Hello friends.

Talia and I have returned to Pokhara today to protect her ankle.  It is a big adjustment back to noisy Dusty city where we are back in Wi-Fi land. I know some were able to connect from the camp last night but as a parent who sent two sons on service trips before smart phones, I know you hunger for news. I will write from the adult perspective and Talia from student. Please forgive my kindle spelling.

It has been wonderful to be off the grid. Students have bonded as a group, finding new dimensions in each other beyond those preconceived notions. They have had to be fully-present and not primarily connected to friends and family back home. This in itself has been novel. They also discovered that flashlights and cameras work better with batteries than cell phones that require frequent charging! But true to this group, they always worked out who had priority on the giving strip (when we had power).  They have been amazing.  Everyone has stretched a personal limit, from the weight of a rock, to using a squat privy, to trekking for 7 hours.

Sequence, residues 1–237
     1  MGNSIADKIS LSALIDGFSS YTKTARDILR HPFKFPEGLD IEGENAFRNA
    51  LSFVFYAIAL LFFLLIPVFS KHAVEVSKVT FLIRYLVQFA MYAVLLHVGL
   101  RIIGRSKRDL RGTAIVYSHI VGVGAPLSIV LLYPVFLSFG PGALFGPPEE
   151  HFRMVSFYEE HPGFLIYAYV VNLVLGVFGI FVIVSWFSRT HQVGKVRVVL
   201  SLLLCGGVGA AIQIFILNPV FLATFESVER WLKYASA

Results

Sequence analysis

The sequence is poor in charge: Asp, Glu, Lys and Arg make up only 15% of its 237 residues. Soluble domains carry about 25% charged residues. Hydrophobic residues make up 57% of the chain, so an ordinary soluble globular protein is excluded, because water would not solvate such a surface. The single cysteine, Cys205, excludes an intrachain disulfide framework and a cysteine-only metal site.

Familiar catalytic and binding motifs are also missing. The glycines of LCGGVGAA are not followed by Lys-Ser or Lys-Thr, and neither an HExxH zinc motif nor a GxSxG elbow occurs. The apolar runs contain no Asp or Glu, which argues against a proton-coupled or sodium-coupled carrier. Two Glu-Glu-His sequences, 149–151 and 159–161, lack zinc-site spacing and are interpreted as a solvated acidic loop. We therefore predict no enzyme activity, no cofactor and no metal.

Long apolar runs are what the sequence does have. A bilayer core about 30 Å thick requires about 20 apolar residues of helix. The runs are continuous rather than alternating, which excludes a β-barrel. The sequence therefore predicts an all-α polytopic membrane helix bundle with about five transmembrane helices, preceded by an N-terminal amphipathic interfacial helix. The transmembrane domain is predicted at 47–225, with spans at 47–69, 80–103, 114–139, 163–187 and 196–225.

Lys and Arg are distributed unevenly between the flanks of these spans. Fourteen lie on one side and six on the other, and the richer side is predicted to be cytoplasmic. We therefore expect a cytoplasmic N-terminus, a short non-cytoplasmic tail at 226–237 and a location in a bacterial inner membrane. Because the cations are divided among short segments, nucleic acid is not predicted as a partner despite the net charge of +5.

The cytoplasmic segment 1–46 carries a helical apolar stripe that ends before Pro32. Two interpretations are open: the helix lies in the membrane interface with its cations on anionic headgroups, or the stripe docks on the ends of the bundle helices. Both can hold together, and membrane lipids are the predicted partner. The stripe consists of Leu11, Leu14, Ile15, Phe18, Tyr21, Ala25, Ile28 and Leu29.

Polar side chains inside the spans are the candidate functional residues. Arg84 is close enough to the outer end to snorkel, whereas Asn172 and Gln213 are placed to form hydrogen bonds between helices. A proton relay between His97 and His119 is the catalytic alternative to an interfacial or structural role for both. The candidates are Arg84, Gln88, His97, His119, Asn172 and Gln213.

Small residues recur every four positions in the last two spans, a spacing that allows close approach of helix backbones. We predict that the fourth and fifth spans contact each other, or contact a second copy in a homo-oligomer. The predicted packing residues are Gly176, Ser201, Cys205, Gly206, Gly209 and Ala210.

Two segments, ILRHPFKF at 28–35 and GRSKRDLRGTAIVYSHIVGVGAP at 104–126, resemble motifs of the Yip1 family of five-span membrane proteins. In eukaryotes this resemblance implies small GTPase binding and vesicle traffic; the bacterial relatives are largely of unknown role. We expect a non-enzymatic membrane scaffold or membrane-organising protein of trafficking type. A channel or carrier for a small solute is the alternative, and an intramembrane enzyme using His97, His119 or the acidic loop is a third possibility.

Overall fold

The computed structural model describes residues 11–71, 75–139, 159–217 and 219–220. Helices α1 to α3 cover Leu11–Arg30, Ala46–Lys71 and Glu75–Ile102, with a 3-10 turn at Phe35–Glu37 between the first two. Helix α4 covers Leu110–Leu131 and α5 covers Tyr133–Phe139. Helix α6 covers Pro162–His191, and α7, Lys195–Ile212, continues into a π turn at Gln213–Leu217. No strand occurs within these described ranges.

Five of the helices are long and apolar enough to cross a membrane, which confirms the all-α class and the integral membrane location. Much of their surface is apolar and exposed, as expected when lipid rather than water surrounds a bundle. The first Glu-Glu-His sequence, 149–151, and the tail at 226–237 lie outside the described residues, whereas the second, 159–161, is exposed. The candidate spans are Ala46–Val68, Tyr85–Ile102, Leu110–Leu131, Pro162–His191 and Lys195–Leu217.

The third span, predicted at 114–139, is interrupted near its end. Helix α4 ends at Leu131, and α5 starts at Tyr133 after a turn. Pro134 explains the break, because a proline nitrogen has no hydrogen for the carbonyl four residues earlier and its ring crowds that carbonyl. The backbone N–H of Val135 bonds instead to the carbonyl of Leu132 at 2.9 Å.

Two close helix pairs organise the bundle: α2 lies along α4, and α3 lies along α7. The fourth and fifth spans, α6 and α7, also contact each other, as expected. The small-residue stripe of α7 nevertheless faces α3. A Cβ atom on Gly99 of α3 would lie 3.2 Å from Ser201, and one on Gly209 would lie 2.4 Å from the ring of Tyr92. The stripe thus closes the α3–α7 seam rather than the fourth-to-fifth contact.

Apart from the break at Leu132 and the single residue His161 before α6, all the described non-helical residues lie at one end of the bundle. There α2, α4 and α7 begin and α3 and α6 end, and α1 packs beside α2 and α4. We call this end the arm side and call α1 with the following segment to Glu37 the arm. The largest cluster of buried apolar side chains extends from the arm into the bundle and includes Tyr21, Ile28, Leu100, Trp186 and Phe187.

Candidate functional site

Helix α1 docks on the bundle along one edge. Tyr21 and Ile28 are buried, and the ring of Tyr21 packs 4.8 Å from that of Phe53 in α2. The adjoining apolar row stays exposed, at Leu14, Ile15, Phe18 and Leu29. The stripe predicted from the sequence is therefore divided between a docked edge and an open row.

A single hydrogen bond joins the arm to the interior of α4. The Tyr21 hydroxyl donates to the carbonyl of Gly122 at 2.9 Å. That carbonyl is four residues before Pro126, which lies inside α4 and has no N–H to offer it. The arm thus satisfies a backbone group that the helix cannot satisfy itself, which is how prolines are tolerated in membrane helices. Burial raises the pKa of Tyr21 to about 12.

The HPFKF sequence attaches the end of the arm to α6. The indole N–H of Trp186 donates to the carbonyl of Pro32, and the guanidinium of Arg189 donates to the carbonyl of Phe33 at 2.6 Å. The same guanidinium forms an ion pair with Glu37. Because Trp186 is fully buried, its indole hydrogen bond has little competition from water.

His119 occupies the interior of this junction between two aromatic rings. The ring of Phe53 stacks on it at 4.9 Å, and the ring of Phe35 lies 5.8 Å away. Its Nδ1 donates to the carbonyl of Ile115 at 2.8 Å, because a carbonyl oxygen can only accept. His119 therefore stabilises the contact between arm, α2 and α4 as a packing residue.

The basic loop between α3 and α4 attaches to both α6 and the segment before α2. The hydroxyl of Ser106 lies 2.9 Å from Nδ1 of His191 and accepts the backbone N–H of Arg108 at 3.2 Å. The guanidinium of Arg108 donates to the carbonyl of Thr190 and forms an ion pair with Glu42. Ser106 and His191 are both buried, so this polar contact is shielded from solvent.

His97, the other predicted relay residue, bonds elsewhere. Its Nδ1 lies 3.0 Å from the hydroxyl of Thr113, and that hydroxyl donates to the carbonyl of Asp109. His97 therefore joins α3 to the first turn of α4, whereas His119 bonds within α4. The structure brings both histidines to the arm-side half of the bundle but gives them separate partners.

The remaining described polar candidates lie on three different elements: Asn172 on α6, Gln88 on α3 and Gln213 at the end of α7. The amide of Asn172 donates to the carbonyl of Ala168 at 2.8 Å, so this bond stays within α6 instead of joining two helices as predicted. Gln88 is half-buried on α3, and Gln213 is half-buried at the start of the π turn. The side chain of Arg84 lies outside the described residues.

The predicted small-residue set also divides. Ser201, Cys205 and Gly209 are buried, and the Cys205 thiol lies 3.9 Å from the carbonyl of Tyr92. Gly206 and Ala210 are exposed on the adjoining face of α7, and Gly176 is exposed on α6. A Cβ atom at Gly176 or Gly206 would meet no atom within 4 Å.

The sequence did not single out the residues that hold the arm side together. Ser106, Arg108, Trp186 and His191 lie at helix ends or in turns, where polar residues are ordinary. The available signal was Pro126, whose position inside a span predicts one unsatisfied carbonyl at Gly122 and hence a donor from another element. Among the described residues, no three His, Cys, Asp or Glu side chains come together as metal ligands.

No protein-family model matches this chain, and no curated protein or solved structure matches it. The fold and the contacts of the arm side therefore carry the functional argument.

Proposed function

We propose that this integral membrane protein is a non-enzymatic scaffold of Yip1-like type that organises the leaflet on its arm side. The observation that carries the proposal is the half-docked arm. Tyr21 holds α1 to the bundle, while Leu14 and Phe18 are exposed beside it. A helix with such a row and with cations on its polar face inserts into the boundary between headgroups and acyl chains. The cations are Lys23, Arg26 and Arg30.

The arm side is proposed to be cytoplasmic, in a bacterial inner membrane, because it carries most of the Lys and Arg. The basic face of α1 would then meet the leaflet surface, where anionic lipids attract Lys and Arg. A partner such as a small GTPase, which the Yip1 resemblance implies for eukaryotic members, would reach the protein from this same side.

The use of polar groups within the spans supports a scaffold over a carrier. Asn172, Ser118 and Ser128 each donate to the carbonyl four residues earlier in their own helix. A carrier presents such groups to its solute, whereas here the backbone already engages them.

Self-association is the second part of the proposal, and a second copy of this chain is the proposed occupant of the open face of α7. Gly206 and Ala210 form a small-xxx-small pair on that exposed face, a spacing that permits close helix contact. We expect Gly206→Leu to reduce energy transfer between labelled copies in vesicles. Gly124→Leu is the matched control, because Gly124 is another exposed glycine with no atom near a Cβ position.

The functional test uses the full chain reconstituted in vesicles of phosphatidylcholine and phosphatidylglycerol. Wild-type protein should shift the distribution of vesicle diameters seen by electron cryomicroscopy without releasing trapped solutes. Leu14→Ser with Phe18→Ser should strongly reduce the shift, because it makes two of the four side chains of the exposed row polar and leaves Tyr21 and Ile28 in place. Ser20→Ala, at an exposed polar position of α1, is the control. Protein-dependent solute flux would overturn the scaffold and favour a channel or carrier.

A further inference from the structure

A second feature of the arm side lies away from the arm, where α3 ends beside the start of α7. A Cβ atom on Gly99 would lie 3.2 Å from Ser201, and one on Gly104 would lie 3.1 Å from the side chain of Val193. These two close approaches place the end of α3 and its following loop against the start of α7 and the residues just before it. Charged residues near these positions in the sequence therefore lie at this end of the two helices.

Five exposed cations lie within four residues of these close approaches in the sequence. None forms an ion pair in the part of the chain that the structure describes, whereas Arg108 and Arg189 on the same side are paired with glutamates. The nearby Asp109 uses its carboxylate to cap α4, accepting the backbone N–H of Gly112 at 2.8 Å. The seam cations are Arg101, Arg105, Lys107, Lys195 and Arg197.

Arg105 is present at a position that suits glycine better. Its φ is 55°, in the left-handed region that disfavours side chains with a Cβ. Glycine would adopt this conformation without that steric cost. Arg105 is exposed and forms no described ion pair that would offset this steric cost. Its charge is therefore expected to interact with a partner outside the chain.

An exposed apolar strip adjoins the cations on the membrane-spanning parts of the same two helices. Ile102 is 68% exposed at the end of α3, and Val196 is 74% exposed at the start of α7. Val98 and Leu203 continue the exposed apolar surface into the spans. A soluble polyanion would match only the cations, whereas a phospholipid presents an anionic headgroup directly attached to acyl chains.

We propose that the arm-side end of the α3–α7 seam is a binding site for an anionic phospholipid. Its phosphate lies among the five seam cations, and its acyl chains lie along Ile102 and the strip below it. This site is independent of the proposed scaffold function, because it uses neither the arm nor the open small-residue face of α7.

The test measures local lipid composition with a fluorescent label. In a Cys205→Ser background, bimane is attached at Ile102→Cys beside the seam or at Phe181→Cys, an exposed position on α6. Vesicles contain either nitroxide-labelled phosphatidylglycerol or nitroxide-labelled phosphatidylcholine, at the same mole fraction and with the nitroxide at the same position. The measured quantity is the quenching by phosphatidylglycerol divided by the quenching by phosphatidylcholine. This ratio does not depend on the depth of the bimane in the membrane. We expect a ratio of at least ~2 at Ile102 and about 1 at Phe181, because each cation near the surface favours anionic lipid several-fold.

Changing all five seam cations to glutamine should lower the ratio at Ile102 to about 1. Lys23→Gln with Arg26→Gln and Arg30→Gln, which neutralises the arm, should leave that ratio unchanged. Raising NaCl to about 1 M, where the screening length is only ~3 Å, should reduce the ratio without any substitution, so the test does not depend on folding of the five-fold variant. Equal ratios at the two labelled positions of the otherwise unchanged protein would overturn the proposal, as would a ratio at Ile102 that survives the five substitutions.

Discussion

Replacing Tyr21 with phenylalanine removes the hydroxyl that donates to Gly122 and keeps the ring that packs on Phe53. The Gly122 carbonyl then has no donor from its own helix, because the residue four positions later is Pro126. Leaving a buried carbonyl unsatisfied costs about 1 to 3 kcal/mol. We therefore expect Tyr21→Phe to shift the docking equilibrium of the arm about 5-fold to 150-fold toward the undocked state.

Please understand that the students have worked very hard.  They tumble into their tents between 8:00 and 9:00 p.m. and camp is silent by 9:30 p.m.  They cannot believe it, nor that they get up for sunrise! The day starts with hot tea, then washing up basins.  They have discovered how to get clean in less than a quart of water, to wear the same work clothes for a week, and to tolerate dirt.  Which doesn’t negate that the shower felt great today!  Anyway, there is no space in this trip for schoolwork.  I am sure they will all sleep through the return flight.

I wish I could send photos but I haven’t taken any with the kindle.  You will see many soon!

I will try to describe a few.

We arrived in Dhampus late in the day. The villagers met us at the New School and greeted us with leis of red rhododendron and leaves, which hung on our tent poles all week.  It was cloudy when we settled in to camp, which was 15 orange, 2 person tents (fortunately water tight), a blue dining tent, blue kitchen tent, and 2 privy tents.  In a steppe field on 4 levels.  When we awoke in the morning, we were greeted with the most amazing view of Machupuchari and Annapurna.

Today we has the same experience of a majestic view of Annapurna South (not sure I have the Annapurna’s right).  The look on one student’s face when she looked up after going to the bathroom early was priceless, and one of those not-taken snapshots.

We have to go out now. More later.

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Filed under A Day in the Life, Service, Student Work, Students

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